Another seldom considered problem with ESI is individual suitability. Everyone’s financial situation is different, yet we’ve become accustomed to one size fits all cookie cutter approaches that few question when they think they’re getting something for nothing. More coverage is better when its cost is not a common consideration.
On the other hand, if employees were connected to the cost by buying individual insurance directly, they would quickly discover the fallacy, false comfort, and prohibitive expense associated with a cover everything approach. This would guide many to true insurance that only protects against unexpected high cost needs as they would become aware of the benefit of covering the small stuff directly out of pocket. Additionally they would free themselves to pursue job opportunities without the thought of losing or interrupting health insurance coverage.
At this point it’s not difficult to see how corruption of the market for health insurance by employer provision disconnecting the user from the cost then spills into the market for medical services. It’s not the user there either who is paying the bill, but a third party insurance company agent of the buyer who will never share the same self interest as the buyer directly. To the user, the cost is what they have to pay out of pocket, not the full charge, now inflated with considerable administrative costs added into the mix.
So how do we fix this mess? The answer is always to maximize direct payment in each of the two markets, insurance and medical services. Just as the corruption in the first leads to corruption in the second, direct payment in the first will lead to more direct payment in the second, as employees connected to the cost will quickly discover the problems inherent in the cover everything approach.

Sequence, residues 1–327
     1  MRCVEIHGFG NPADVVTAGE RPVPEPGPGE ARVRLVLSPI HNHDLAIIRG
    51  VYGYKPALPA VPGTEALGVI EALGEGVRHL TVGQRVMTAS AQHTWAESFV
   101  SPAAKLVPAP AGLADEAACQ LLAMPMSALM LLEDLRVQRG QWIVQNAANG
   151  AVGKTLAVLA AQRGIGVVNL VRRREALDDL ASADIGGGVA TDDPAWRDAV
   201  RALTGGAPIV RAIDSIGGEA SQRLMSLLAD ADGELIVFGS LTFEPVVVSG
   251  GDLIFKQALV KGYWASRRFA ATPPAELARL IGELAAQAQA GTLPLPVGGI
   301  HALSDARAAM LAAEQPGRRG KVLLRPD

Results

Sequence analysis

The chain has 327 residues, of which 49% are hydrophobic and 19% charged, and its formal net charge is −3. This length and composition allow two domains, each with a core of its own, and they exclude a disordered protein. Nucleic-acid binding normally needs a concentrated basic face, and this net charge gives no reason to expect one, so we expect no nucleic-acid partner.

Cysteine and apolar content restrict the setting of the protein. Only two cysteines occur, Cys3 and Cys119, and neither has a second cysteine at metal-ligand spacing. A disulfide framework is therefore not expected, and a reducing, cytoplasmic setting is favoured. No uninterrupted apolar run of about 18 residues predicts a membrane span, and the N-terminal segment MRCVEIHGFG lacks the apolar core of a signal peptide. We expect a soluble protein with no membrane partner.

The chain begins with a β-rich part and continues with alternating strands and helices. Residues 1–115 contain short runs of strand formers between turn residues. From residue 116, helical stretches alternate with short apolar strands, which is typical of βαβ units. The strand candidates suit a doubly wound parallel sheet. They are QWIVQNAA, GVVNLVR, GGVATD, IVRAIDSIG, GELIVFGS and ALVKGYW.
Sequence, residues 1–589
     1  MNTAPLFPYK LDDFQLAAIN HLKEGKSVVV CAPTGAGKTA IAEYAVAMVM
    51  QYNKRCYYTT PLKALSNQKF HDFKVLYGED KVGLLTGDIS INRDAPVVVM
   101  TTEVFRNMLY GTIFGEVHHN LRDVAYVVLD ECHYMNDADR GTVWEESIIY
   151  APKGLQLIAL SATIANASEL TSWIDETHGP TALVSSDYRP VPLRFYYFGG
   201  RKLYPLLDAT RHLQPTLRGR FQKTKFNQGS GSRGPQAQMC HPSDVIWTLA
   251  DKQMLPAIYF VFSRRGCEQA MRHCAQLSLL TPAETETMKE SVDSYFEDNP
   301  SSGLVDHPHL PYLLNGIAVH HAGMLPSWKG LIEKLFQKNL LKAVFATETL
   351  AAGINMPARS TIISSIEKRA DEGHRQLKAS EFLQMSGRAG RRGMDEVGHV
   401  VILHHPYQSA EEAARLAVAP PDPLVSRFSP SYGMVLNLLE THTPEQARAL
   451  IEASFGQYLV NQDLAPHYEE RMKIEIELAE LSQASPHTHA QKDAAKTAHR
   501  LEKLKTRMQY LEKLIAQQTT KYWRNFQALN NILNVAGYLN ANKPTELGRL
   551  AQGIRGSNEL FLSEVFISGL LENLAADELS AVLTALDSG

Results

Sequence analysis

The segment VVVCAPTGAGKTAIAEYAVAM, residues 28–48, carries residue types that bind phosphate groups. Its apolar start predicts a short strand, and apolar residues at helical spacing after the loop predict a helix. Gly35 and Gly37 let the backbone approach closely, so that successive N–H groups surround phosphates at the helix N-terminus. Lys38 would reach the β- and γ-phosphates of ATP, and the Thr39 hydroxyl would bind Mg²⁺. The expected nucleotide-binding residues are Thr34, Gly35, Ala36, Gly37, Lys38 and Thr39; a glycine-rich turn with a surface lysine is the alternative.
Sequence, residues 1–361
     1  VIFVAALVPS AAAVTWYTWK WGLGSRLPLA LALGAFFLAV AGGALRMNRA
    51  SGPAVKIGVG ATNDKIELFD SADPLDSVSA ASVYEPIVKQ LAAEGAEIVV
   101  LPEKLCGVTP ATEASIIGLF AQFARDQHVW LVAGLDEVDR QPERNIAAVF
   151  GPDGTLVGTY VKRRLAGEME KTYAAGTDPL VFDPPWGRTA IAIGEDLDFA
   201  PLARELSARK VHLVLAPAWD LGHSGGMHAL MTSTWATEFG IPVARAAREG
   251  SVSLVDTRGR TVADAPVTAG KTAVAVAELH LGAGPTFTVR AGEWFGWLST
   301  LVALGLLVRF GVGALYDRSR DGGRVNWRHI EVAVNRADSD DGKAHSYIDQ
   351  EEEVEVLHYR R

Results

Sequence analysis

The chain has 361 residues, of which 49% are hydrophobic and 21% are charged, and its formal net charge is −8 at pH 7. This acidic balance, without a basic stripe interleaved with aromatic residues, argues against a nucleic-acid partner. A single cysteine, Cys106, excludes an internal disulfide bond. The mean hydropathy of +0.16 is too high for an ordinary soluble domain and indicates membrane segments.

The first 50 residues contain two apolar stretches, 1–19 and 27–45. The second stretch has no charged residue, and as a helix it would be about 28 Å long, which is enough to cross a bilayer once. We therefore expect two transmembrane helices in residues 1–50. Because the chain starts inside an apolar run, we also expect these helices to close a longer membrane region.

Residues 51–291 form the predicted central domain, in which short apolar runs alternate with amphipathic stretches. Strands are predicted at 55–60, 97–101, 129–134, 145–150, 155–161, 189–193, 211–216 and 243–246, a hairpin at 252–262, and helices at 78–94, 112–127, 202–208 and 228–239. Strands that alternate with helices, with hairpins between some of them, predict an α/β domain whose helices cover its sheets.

The good news is that a solution is at hand in the only bill introduced by the GOP in response to Obamacare that entirely makes sense. This is the HSA Expansion Act (HR247 & S28) introduced by Dave Brat in the House and Jeff Flake in the Senate. Unlike most legislation it does everything right.
Not only does it expand the contribution limits to HSAs, more importantly it allows HSA accounts separate of any insurance, thus allowing the purchase of insurance or medical services through an HSA as the single tax advantaged conduit. This opens the door to employers to maintain the incentive connection to employee health needs, while breaking the toxic provision of health insurance by shifting to a defined contribution model, where employers by direct or matching contributions to an employee’s HSA can become as common as to a 401k for their retirement needs. So long as states would follow by relaxing cumbersome regulations and mandates, employees could then decide what is right for their unique medical needs at costs truly subject to the discipline of the marketplace.
To this could be added an unique voluntary universal access approach that could replace both Medicare and Medicaid, maximizing direct payment, both actual and simulated, by a system of incentives, as previously discussed here and here, that, by trusting market forces over bureaucratic control, would have the power to strip out wasteful costs like nothing else I’m aware, as it supplants the growing Leftist desire for universal access by single government payer.
As many large employers with entrenched HR departments, are curiously wed to the provision of employee health insurance, one addition to the HSA Expansion Act that may get them to move toward defined contribution may be a provision to give employees the right to opt out of employer insurance with full transfer of the cost to their salary and/or HSA, as opposed to now, where declining employer offered insurance, say, to be instead on the policy of an employed spouse, results in little or no benefit to the declining employee.
Solutions are indeed at hand. We need only to identify and encourage elected officials to act on them, and the sooner the better!